Before the Experiment
In 1926, syphilis was considered a major health problem and around twenty-five percent of African American employees had tested positive for syphilis. The Julius Rosenwald Fund went to the U.S. Public Health Service because they wanted to improve the health of African men, mainly in the South. In 1929 when Wall Street crashed and the Great Depression began, the Rosenwald Fund had to cut its fund to help support the African men in the south. In 1931, Dr. Clark decided to follow and investigate untreated syphilis in black men. Unfortunately, in 1932, the experiment began.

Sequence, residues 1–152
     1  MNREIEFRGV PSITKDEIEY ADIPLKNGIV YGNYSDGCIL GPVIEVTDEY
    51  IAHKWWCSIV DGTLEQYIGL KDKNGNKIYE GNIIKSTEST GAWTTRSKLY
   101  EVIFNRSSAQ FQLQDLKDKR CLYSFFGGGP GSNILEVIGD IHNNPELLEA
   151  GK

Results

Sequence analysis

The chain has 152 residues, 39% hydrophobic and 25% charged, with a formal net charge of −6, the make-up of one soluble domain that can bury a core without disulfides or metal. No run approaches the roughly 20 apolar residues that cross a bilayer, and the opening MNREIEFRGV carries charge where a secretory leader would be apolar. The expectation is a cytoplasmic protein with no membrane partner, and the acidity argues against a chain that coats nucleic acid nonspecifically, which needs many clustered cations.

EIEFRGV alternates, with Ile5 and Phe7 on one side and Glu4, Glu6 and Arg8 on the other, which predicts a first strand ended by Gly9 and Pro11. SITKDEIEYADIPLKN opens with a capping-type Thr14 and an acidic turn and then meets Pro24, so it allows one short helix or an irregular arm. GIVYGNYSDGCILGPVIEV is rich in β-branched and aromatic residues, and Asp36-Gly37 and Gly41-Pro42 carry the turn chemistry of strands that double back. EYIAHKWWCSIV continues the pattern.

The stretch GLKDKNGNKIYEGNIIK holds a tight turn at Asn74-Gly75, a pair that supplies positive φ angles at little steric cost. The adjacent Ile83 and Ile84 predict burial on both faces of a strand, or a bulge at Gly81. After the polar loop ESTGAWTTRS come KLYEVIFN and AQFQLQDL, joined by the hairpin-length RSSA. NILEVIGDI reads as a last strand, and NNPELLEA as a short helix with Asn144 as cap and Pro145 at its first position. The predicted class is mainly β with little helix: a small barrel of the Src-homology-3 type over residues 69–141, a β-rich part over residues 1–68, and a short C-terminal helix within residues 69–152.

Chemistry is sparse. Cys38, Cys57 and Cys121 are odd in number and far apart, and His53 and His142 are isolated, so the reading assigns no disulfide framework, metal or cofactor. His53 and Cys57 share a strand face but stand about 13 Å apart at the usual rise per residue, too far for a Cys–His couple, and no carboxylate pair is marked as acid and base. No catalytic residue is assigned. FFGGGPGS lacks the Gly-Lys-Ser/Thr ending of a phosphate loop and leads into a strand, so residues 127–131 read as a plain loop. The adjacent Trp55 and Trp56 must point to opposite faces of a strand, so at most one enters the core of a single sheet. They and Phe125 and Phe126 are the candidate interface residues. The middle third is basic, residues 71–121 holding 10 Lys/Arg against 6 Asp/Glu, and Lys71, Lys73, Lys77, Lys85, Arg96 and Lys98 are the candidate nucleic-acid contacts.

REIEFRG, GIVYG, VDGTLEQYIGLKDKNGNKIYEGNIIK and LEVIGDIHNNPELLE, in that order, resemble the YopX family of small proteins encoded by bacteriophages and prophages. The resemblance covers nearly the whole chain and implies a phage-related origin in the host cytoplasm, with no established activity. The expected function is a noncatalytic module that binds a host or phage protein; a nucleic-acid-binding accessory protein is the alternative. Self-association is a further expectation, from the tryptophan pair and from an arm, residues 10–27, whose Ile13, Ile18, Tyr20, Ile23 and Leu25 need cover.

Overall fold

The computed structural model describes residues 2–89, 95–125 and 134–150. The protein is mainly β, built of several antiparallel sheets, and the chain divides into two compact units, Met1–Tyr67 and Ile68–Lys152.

The experiment took place at Tuskegee University in Macon County, Alabama. Tuskegee University was founded in 1881 by Booker T. Washington and was originally founded as a school which allowed former slaves to receive a higher education after the Civil War. Macon County was home to a large number of African Americans who primarily made up the economy. Researchers knew that more than half of the population consisted of sharecroppers and none of them had heard of a doctor before, and even if they had, they had not heard of one which would give free medical treatment. The researchers believed that citizens living in Macon County, Alabama were vulnerable and made an easy target.